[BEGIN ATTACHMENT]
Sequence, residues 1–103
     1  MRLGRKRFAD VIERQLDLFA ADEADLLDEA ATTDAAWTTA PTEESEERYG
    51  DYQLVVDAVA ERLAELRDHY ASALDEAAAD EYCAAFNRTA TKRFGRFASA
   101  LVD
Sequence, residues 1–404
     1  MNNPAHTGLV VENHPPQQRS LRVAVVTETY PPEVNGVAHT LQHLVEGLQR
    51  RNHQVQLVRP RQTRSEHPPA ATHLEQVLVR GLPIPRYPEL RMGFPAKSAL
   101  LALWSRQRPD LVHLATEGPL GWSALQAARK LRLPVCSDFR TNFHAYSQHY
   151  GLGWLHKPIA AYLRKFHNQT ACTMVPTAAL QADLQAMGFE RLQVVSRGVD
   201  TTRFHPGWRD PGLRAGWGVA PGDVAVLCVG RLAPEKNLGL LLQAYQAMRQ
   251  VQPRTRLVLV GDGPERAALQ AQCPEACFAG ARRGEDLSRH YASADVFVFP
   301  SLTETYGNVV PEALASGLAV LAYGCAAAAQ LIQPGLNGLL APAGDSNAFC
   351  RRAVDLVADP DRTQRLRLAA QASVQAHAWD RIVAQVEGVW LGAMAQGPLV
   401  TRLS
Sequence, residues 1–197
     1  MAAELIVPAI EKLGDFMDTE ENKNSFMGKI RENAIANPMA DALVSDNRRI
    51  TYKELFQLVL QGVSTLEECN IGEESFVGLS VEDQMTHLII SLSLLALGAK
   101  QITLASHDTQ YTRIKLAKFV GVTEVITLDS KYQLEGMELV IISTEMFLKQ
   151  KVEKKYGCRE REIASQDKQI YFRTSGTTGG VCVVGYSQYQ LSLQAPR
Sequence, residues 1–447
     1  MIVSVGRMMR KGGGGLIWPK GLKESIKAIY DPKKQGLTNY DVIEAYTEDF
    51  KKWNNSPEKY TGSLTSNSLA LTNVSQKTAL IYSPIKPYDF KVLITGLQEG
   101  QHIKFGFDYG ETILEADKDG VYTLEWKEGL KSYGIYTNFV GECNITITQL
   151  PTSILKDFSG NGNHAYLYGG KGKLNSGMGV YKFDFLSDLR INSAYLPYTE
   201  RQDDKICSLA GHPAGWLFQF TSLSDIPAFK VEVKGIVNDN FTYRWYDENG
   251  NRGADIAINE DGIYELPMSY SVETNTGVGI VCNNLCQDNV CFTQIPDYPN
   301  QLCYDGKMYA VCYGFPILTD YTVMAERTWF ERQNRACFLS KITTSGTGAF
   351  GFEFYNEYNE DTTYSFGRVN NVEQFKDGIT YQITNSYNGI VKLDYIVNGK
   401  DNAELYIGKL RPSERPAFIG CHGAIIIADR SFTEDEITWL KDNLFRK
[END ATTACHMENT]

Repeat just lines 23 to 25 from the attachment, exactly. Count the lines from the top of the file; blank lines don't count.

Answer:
   101  QHIKFGFDYG ETILEADKDG VYTLEWKEGL KSYGIYTNFV GECNITITQL
   151  PTSILKDFSG NGNHAYLYGG KGKLNSGMGV YKFDFLSDLR INSAYLPYTE
   201  RQDDKICSLA GHPAGWLFQF TSLSDIPAFK VEVKGIVNDN FTYRWYDENG